photographs indicated that the existing handrails were
installed sometime between 1968 and 1996. See
Cucurullo Decl. ¶ 10.
inside the lobby, each of the five exits is marked with a
lighted “Exit” sign. Id. ¶ 11.
According to Ms. Cucurullo, the use of signs and visual
warnings at sites managed by the National Park Service is
guided by the “longstanding [National Park Service]
policy to minimally intrude upon the natural or historic
setting in National Park System areas, and to avoid an
unnecessary proliferation of signs, while striving to ensure
the safety of park visitors.” Id. ¶ 12
(quoting National Park Service Sign Manual at
1-1). Ms. Cucurullo also declares that
“[n]o law, regulation, or policy mandates how the
[National Park Service] has designed or maintained the
signage in Ford's Theatre, ” and that the National
Park Service is free “to choose to minimize the amount
of signage and warnings within Ford's Theatre so as not
to detract from the aesthetics of the historic
location.” Id. ¶¶ 13-14.
Wesberry and Jim Wesberry brought suit in this Court in June
2015. See generally Compl., ECF No. 1. The
Plaintiffs filed an Amended Complaint on October 19, 2015.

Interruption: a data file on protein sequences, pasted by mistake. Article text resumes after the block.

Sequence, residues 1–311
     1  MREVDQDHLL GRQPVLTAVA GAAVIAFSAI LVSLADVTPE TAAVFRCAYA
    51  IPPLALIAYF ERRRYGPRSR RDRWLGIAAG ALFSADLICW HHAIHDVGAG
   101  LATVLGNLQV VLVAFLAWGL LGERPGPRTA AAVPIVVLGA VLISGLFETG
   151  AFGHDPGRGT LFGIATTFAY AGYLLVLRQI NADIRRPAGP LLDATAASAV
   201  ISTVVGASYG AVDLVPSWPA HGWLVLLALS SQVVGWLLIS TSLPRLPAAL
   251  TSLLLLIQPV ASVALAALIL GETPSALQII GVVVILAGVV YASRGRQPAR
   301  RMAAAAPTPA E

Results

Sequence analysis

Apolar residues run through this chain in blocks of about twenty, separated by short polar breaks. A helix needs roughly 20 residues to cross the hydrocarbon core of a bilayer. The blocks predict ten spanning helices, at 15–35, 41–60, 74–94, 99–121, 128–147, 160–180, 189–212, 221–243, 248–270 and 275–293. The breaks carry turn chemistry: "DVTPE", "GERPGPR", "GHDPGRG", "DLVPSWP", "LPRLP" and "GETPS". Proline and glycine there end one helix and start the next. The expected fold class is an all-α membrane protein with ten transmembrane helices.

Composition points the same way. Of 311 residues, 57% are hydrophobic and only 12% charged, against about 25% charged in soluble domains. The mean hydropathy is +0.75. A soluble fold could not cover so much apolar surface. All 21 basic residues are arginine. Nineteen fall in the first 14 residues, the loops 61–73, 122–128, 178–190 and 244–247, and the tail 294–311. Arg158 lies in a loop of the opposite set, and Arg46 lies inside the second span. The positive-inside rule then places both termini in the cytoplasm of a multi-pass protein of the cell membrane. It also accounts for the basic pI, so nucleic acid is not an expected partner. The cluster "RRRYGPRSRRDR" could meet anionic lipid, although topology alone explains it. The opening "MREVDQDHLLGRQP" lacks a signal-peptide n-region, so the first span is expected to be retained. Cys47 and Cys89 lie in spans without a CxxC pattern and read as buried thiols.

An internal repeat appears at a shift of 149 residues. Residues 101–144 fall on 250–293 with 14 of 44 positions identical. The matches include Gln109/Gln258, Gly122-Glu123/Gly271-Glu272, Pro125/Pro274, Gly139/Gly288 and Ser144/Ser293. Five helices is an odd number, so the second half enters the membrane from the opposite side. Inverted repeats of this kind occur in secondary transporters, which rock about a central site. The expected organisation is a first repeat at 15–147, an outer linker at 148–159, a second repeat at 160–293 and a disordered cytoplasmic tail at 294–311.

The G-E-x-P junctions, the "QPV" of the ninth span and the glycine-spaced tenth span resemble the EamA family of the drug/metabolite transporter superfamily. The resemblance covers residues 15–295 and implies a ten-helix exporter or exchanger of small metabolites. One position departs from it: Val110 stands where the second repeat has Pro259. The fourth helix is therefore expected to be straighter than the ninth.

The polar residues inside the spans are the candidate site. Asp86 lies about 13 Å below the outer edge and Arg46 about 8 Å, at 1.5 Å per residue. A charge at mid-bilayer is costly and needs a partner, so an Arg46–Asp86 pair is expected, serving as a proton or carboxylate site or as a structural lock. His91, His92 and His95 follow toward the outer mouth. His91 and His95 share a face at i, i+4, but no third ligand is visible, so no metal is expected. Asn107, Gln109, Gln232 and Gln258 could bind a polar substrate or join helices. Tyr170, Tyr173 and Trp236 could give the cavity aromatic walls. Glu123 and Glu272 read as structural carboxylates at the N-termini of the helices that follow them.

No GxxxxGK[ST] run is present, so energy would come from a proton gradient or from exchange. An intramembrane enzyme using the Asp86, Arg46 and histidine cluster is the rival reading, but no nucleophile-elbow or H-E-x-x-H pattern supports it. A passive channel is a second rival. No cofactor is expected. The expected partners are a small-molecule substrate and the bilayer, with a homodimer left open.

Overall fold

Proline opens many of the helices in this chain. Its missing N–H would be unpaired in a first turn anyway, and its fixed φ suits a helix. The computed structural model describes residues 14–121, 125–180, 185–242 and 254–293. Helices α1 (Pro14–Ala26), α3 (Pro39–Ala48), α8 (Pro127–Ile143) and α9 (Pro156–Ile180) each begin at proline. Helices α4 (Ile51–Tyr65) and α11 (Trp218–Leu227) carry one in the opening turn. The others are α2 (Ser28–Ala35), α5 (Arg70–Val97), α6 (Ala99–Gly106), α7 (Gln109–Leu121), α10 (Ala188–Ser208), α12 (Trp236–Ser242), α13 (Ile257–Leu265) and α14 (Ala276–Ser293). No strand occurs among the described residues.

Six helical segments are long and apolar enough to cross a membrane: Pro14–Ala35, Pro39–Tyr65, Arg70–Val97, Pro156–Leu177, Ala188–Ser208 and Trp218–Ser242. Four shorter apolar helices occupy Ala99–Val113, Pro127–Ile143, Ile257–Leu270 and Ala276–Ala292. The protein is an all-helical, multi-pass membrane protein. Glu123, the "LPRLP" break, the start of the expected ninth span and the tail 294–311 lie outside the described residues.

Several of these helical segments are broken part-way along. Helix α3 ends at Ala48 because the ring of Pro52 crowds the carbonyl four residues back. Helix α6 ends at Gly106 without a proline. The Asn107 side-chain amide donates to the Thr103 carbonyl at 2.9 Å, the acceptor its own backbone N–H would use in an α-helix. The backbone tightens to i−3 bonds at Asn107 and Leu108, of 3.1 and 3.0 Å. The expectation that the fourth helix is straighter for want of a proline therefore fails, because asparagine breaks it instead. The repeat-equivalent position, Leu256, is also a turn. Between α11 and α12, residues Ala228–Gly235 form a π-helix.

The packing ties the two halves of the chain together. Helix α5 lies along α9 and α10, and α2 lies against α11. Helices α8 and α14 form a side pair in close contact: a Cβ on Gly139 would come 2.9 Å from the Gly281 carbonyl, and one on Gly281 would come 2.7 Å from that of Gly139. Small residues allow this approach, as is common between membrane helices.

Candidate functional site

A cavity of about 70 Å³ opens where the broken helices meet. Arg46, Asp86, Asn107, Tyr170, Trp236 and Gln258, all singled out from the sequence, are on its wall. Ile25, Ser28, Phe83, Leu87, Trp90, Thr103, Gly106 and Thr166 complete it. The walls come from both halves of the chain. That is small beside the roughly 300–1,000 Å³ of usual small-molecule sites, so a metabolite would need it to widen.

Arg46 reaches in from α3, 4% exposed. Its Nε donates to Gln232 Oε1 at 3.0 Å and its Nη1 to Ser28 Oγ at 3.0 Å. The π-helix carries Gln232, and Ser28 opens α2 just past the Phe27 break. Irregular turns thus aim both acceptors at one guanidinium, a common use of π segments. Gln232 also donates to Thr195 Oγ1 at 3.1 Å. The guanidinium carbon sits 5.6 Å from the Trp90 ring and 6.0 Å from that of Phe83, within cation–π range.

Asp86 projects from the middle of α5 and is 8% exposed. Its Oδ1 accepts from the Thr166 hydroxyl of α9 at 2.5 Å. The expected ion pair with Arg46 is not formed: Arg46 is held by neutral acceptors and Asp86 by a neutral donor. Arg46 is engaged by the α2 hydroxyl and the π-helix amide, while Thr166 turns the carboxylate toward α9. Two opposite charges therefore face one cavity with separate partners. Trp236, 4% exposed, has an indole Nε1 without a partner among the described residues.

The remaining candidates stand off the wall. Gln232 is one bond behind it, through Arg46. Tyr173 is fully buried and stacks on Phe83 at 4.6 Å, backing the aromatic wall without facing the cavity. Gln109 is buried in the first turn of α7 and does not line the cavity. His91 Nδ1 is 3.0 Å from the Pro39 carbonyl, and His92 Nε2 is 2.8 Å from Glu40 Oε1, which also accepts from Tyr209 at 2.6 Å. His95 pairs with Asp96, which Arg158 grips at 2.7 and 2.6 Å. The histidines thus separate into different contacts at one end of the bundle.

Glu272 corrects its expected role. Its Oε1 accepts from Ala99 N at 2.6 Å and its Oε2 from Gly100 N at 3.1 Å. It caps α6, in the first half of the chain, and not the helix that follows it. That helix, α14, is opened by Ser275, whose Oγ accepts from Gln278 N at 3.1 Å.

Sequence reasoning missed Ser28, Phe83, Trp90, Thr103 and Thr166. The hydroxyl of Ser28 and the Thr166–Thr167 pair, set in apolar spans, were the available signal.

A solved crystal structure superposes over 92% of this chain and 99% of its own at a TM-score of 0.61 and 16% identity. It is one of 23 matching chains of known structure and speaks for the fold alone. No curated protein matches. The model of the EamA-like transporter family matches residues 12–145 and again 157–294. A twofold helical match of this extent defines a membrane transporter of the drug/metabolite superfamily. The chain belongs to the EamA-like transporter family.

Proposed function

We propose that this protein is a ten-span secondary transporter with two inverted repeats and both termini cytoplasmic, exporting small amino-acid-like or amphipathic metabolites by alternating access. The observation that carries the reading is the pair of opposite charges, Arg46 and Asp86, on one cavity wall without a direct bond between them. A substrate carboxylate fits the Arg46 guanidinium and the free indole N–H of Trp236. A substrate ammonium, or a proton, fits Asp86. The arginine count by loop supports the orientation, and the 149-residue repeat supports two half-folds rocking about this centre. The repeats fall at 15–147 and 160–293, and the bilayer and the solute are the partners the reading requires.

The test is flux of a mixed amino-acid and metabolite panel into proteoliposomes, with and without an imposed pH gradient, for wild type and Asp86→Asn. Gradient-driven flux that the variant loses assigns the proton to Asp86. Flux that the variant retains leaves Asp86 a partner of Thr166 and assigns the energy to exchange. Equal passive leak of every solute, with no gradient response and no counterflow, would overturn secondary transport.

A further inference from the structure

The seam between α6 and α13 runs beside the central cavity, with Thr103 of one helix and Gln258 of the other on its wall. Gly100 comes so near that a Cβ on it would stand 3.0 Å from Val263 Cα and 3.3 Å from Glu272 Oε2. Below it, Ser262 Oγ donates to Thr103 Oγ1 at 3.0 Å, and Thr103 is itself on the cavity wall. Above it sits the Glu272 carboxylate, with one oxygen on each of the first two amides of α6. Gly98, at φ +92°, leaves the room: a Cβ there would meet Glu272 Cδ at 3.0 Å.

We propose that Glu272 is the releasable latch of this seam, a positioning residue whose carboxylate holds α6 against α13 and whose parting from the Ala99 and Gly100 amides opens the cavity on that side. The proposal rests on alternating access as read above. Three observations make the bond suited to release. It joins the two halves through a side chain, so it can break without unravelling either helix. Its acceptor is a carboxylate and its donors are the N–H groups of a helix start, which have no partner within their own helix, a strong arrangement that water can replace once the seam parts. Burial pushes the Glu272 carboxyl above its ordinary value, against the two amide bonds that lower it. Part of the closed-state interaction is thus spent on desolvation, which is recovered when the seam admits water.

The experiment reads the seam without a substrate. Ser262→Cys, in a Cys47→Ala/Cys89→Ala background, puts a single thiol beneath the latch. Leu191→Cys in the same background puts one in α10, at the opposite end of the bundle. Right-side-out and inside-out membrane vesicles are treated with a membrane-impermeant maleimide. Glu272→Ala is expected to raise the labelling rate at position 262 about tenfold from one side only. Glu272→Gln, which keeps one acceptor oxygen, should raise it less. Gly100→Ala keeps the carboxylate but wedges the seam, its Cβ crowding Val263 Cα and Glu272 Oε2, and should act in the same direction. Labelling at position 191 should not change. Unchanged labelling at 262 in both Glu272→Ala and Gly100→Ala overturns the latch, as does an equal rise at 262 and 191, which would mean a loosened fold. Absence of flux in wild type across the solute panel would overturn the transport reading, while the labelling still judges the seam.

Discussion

See generally Am. Compl. The Amended Complaint
includes a negligence count against the United States brought
pursuant to the FTCA, 28 U.S.C. §§ 1346(b), 2671,
and a claim for loss of consortium. See Id.
¶¶ 1, 24-31. The United States moves to dismiss.
See Def.'s Mot. Dismiss (“Def.'s
Mot.”), ECF No. 12. Specifically, the government argues
that Plaintiffs' claims are barred by sovereign immunity,
see Def.'s Mem. P. & A. Supp. Def.'s
Mot. Dismiss (“Def.'s Mem.”) at 7-13, ECF No.
12, and that the Amended Complaint fails to state a claim
upon which relief can be granted, see Id. at 13. The
Wesberrys oppose the motion, and also request permission to
conduct jurisdictional discovery. See generally
Pls.' Opp'n. The government's motion is now fully
briefed and ripe for decision.